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Darwin Correspondence Project

To Charles Lyell   24 [November 1859]1

Ilkley Wells House | Otley Yorkshire


My dear Lyell

Again I have to thank you for a most valuable lot of criticisms in a letter dated 22d.—2

This morning I heard, also, from Murray that he sold whole Edition the first day to the trade. He wants new Edition instantly, & this utterly confounds me. Now under water-cure with all nervous power directed to the skin, I cannot possibly do head-work, & I must make only actually necessary corrections. But I will as far as I can without my M.S. take advantage of your suggestions. I must not attempt much.

Will you send me one line to say whether I must strike out about the Secondary Whales: it goes to my heart.3 About Rattle-snake look to my Journal under Trigonocephalus & you will see probable origin of rattle, & generally in transitions it is the premier pas qui coute.—4

Madame Belloc wants to translate my Book into French:5 I have offered to look over proofs for scientific errors. Did you ever hear of her? I believe Murray has agreed at my urgent advice; but I fear I may have been rash & premature. Quatrefages has written to me, saying he agrees largely with my views— He is excellent naturalist.—6 I am pressed for time. Will you give me one line about the Whales? Again thank you for never-tiring advice & assistance: I do in truth reverence your unselfish & pure love of truth.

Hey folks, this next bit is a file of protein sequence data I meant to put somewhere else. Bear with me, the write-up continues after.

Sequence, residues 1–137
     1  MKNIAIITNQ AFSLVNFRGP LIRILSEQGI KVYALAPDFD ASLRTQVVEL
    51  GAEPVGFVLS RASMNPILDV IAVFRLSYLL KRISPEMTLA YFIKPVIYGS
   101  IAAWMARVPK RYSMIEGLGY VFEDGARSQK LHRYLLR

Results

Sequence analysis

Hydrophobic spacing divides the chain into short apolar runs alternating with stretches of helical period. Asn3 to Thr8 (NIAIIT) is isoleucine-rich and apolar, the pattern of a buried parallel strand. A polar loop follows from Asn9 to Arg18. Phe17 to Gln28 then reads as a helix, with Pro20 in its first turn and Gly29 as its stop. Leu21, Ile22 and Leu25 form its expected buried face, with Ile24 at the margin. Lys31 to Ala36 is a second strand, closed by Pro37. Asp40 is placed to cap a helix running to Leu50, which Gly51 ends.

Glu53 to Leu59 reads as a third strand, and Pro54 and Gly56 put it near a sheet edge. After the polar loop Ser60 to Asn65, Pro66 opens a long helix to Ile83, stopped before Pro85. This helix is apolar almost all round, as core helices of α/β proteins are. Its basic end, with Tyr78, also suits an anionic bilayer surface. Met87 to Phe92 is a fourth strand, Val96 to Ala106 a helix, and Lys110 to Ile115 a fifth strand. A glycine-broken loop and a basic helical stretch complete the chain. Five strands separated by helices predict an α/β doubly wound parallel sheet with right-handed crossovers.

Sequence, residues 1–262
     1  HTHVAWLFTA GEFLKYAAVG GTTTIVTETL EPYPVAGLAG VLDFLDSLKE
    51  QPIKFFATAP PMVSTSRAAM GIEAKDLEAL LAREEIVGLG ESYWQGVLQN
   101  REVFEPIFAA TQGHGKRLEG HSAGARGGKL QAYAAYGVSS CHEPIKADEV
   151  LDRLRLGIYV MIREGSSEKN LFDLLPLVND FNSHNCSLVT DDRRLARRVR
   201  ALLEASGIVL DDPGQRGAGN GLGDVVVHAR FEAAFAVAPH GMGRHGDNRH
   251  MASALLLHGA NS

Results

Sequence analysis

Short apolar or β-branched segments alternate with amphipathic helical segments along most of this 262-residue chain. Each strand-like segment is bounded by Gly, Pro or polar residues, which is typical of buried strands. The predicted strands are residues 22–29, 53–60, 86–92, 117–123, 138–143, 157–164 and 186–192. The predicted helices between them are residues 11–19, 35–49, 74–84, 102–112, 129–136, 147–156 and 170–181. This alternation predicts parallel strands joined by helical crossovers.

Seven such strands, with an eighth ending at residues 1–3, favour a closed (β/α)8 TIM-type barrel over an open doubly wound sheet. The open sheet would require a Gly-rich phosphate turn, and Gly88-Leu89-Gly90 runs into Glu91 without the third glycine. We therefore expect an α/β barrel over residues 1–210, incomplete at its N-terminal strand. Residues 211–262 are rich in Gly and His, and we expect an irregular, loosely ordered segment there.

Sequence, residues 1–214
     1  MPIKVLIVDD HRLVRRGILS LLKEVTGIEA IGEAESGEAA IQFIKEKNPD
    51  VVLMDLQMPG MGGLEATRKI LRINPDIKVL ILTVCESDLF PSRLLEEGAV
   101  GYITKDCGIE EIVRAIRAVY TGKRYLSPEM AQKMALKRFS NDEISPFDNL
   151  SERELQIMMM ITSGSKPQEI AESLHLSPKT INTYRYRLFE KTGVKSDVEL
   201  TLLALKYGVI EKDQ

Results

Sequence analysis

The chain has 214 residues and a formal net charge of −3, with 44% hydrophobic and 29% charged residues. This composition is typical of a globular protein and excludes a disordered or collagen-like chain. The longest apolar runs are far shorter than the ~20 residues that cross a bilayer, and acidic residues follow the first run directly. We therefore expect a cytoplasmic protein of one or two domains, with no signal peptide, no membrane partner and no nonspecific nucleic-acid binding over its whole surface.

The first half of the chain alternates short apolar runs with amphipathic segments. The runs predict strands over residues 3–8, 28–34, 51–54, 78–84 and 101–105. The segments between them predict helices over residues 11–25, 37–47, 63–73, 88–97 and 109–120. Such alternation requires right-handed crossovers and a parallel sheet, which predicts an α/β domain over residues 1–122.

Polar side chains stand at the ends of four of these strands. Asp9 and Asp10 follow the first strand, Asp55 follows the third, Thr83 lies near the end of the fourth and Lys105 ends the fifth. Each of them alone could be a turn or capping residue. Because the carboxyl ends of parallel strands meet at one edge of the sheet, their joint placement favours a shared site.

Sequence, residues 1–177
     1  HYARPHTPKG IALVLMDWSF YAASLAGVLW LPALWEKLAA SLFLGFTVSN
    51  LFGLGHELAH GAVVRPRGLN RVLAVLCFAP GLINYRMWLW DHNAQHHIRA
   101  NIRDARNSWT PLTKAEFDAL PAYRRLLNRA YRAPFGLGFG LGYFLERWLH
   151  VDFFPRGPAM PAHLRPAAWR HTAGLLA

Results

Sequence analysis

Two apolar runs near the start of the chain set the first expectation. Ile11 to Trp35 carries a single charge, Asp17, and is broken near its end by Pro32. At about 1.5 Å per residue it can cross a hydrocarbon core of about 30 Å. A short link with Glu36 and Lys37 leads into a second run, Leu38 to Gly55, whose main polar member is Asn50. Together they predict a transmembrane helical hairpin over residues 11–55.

My dear Lyell | Ever yours | C. Darwin

Erasmus says about my Book “In fact the a priori reasoning is so entirely satisfactory to me, that if the facts wont fit in, why so much the worse for the facts is my feeling”.!7


Dated by the relationship to the letter to John Murray, 24 November [1859].
See letter to Charles Lyell, 20 September [1859], in which CD mentioned that it was too late to correct a statement in Origin, pp. 303–4, about the existence of whale fossils in Secondary formations. The example was deleted from subsequent editions (Peckham ed. 1959, p. 509).
See letter from Charles Lyell, [22 November 1859]. In Journal of researches, p. 114, CD described a snake, intermediate between the viper and rattlesnake, that vibrates the tip of its tail against dry grass and brushwood, making a sound that could be heard six feet away.
The letter from Jean Louis Armand de Quatrefages de Bréau has not been found. For CD’s reply, see letter to J. L. A. de Quatrefages de Bréau, 5 December [1859].
See letter from E. A. Darwin, 23 November [1859]. The postscript was written on a separate slip of paper and enclosed with the letter.


Origin: On the origin of species by means of natural selection, or the preservation of favoured races in the struggle for life. By Charles Darwin. London: John Murray. 1859.


Sales of Origin.

Discusses revisions for second edition. Mentions possible French translation.

Views of Quatrefages [de Bréau].

Letter details

Letter no.
Charles Robert Darwin
Charles Lyell, 1st baronet
Sent from
Source of text
American Philosophical Society (Mss.B.D25.178)
Physical description
ALS 5pp

Please cite as

Darwin Correspondence Project, “Letter no. 2547,” accessed on 24 May 2024,

Also published in The Correspondence of Charles Darwin, vol. 7